Tech companies are being squeezed dry as the economy trends downwards, which likely means they’ll need to bring in more customers with fewer resources.
In my opinion, this “stop; breathe” moment is an opportunity for companies to finally see what was wrong with their sales process.
Getting new customers should not be a company’s only concern. Founders should also ask themselves: Are we retaining our clients a year in? Are my sales reps happy? Is my marketing team reaching the right people? Are too many leads coming my way?
These questions can all be condensed into a single question: Is my sales process working for customers, or is it working to reach lifeless metrics?
Unfortunately, as sales has evolved over the past 10 years, it has left customers and their needs behind. For example, if a sales team needs more leads, it might choose to spam a large segment of people rather than hyper-target those who will find value by being reached. That won’t fly in the current climate as clients increasingly demand that companies respect their specific needs and offer seamless buying experiences.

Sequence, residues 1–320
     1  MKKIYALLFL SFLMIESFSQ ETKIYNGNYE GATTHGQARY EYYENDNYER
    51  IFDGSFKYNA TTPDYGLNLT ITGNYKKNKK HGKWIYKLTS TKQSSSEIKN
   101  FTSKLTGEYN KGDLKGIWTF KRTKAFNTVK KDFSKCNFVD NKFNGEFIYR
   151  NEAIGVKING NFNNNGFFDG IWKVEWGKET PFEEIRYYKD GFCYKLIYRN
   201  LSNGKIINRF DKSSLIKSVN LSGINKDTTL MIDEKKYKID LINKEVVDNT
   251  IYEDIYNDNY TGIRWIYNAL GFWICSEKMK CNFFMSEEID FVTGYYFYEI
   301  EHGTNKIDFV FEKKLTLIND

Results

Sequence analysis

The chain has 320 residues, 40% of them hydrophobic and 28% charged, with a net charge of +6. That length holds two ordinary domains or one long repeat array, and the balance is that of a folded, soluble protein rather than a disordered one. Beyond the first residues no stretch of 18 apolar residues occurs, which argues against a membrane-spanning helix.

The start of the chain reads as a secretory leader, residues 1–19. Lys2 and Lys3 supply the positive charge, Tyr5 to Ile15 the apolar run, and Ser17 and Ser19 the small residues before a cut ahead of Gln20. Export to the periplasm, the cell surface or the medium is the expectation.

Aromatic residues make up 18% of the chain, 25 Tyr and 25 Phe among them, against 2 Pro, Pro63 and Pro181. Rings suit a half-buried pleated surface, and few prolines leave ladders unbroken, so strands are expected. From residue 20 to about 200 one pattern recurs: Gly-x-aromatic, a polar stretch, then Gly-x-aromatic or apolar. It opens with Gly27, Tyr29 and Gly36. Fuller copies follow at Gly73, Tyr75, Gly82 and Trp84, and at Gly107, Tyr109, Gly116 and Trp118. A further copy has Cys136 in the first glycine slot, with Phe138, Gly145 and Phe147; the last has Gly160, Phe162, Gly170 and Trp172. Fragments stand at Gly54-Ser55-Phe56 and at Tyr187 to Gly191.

Getting back to that consumer means understanding data on them, experimenting with solutions, and iterating. Sound familiar? That’s exactly what product teams do to refine their offerings.
Understanding the user means understanding your data and converting it into delightful solutions — that’s the crux of the PM role.
I spent years working as a product manager at Google, after which I dove head first into creating SaaS for businesses. I found the same skills that had served me in product development — essentially, solving problems for consumers — were exactly what I needed to be a great salesman.
B2B companies need to go back to the data (but not just any data), generate knowledge and insights on the customer, and tweak both product and strategy along the way. That process isn’t in the wheelhouse of a sales manager, nor a marketer, developer or designer.
However, that guiding principle of customer-led optimization is the bread and butter of a product manager. Here’s why a successful revenue process requires thinking like a PM.
Solve problems for the customer, not the sales reps
If your sales numbers aren’t as high as you want them to be, what’s your first response? Is it: “How can my sales reps rack up more leads?” Or is it: “What sales strategies reach the most people?” If you’re reflecting along those lines, you’re problem-solving for the sales rep, not for the customer. That’s where you’re getting it wrong.